I am sculpting some pig face orcs / porkers that will have interchangeable heads and an arm. The costuming on the body will be generic enough for the figures to be medieval fantasy or post apocalyptic depending upon the weapon arm added.
They will be similar in size and mass with these Star Wars Gamorrean and Mage Knight Orcs that I slightly converted and repainted for use in Gamma World.
I am also experimenting a new epoxy putty, so one of the fiures with be with Kneadatite (greenstuff) and the gray one will be with Procreate.
Following are images from ny first two sculpting sessions:
Yesterday I got my Reaper Bones from their Kickstarter. I pledged at the $15 Ghast Level – Dungeon Pack – and got a 36 miniature horde of goblins, kobolds and rats. A promo figure was also included. He looks like a grave digger and I will probably convert him to a goblin shaman or necromancer.
The figures are soft and bendy like the D&D prepaints, Mage Knight, and Hero Clix. The detail is a little soft or sanded looking but for the price ($.42 each) I am satisfied. I have the metal versions of the kobolds and will put up a comparison soon.
I think these figures will paint up well and will post results as I get one done.
I am using a pill bottle as a sculpting rig. So far, it is working out well so I wanted to share. The cool part is that the bottle has a reversible lid for geriatric or arthritic patients. This allows me to store away and protect my sculpt between sessions. I can also store any extra bits related to the project in the bottle.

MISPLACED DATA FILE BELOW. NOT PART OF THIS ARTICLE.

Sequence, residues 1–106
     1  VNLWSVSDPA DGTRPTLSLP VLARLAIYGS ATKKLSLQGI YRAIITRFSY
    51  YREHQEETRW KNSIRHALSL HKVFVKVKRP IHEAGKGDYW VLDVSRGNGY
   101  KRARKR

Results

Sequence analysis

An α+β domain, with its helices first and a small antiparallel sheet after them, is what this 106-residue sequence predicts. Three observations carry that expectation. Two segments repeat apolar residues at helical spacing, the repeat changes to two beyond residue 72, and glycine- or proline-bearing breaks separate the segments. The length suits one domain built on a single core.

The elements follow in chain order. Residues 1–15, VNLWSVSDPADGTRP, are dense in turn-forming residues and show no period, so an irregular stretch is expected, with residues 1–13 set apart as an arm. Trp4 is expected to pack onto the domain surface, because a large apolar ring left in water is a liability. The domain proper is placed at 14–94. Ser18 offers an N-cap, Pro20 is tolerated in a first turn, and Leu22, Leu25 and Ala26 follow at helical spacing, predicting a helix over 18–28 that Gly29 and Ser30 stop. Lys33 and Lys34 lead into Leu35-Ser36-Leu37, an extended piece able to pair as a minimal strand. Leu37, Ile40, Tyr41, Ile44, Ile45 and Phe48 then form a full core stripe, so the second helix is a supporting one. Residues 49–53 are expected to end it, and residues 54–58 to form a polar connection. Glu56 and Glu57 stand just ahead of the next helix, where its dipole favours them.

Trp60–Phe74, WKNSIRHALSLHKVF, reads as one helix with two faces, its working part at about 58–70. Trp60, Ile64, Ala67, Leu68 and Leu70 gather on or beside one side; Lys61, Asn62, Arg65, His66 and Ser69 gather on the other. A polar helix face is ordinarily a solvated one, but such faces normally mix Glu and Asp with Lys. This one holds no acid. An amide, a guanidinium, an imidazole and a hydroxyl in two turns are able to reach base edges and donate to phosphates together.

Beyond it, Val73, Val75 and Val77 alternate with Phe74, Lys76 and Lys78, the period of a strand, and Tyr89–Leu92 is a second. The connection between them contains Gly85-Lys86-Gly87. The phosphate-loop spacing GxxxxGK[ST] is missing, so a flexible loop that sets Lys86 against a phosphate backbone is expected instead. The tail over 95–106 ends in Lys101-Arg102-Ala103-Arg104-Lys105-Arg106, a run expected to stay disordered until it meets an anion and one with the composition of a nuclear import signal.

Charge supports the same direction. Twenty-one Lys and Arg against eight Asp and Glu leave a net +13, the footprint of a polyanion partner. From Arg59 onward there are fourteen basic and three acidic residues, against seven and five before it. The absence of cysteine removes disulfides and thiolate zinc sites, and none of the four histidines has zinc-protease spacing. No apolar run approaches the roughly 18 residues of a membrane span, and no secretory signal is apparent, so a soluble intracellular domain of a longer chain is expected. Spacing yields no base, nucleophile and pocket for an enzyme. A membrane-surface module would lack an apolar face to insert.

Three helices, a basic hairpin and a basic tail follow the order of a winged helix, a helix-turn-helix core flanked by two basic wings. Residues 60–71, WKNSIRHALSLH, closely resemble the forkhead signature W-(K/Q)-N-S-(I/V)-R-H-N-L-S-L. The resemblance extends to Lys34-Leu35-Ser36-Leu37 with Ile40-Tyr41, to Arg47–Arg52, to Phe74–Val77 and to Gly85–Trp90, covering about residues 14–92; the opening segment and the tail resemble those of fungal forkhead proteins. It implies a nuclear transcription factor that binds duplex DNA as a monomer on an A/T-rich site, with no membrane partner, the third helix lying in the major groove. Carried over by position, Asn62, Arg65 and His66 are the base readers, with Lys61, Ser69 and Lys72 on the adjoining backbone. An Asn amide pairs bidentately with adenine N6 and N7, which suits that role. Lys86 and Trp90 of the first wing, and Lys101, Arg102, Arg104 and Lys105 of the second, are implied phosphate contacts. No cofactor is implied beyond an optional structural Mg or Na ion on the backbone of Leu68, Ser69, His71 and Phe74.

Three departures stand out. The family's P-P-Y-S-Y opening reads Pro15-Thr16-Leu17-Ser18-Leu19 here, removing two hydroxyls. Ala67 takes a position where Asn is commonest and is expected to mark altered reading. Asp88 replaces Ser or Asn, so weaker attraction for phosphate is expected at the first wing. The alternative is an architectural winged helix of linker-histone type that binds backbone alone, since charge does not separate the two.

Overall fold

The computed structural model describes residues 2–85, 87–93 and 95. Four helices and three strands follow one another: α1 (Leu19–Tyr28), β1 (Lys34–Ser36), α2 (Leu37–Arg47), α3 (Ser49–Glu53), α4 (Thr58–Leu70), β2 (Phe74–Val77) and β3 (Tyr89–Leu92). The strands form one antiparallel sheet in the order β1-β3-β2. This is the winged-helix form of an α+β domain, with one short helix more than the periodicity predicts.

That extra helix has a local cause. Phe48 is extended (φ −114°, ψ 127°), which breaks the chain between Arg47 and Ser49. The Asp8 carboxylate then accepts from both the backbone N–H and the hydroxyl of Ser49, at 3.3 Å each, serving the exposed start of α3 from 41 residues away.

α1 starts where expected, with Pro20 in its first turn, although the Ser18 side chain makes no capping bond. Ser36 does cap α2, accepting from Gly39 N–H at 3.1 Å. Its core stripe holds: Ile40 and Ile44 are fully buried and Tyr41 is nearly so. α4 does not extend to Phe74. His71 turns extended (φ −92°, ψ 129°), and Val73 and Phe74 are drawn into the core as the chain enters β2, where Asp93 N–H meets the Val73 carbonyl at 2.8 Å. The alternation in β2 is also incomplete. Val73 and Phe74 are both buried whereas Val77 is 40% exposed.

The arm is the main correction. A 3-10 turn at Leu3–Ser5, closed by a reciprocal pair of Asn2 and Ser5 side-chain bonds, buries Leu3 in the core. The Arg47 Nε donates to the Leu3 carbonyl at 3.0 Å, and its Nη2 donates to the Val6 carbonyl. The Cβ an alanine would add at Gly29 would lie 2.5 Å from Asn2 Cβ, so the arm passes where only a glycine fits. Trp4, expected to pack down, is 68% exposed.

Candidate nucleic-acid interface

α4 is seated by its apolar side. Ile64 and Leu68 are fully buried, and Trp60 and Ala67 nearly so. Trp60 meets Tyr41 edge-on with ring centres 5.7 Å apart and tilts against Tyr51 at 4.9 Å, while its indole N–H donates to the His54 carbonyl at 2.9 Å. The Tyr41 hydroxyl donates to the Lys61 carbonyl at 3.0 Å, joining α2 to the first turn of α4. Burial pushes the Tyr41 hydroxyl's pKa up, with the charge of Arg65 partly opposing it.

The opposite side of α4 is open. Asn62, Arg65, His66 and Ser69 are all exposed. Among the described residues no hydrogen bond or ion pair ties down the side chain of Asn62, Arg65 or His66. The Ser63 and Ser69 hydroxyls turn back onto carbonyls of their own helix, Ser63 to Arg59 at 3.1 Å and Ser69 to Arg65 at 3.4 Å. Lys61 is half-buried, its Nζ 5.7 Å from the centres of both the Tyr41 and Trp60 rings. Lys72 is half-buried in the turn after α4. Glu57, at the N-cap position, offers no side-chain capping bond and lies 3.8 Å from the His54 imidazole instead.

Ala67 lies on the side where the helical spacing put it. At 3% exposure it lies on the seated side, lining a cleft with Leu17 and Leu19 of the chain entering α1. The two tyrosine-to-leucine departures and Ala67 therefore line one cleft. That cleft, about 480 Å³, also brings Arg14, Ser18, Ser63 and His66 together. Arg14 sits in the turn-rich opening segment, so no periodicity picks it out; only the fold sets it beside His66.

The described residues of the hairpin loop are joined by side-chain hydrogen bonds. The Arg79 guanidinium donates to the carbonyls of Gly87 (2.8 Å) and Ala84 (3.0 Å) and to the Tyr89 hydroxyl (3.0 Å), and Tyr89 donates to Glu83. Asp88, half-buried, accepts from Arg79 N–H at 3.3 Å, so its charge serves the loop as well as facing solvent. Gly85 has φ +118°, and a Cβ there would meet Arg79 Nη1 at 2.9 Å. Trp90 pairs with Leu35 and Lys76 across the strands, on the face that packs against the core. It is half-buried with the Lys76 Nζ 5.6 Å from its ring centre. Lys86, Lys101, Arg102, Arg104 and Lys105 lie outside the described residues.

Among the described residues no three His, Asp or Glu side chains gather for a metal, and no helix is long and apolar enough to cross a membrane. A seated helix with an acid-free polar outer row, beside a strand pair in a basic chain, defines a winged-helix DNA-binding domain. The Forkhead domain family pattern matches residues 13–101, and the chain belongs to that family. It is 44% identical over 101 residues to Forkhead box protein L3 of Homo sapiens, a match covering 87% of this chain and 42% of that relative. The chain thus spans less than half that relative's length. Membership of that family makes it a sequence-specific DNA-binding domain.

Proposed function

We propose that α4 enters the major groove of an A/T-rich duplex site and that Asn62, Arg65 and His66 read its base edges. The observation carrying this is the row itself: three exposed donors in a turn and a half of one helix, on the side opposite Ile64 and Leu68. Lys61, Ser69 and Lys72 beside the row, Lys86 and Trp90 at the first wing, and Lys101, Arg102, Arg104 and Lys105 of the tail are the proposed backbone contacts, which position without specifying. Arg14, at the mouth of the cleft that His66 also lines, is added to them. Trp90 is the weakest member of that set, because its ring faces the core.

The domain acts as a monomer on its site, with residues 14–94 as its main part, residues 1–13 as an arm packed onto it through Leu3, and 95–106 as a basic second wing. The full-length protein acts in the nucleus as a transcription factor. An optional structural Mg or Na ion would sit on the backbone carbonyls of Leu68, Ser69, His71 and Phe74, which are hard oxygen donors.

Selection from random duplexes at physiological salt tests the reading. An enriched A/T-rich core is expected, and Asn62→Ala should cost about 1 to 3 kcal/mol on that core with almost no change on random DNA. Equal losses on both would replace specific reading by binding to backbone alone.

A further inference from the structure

You can probably get a bottle with a cap like this from grandma or your local pharmacy. It is sometimes called an “easy open cap” or “multi-function
1 – Pill bottle as a sculpting rig
2 – Make holes in the lid for leg wires
3 – Insert dollie or frame
4 – Bend wires under cap to secure dollie
5 – Put cap back on pill bottle
6 – Reversible easy open cap allows storage
7 – Works in progress
8 – Sculpt protected and storage for bits
[Responses pasted in]
I was viewing your recently posted .jpgs on your method for using pill bottles as sculpting rigs which is quite brilliant (and thought to add weight to the bottom of the bottle as a possible improvement, btw).
But I was curious about your “dollie”, it looks like you’re using some kind of beads over wire?
Thanks, I am happy with the sculpting rig. It is working well and it was so crazy simple. I like simple solutions.
As for the dollie, that is a new experiment also. Usually I just to wire armatures but this figure is pretty bulky so I knew I could use the metal beads and that they would be covered with putty. I bought the beads from the Michael’s craft store. They are all strung together with one piece of wire.
On the first one, I did not use anything for the arms and pushed two tube beads into the putty of the shoulder area. On the second, I used a hollow filligree type tube bead to make the shoulders. The first dollie was a litte more loosey goosey than I liked. On the second dollie, after each bead was positioned, I put a drop of superglue at the hole of each bead at the wire. Capillary action sucked the glue right in and the dollie was stiffer but still flexible and poseable.
Thanks for the clarifications. If it wouldn’t be too much trouble, could you tell me the brand, item #, name, or what info you can share on the beads you got?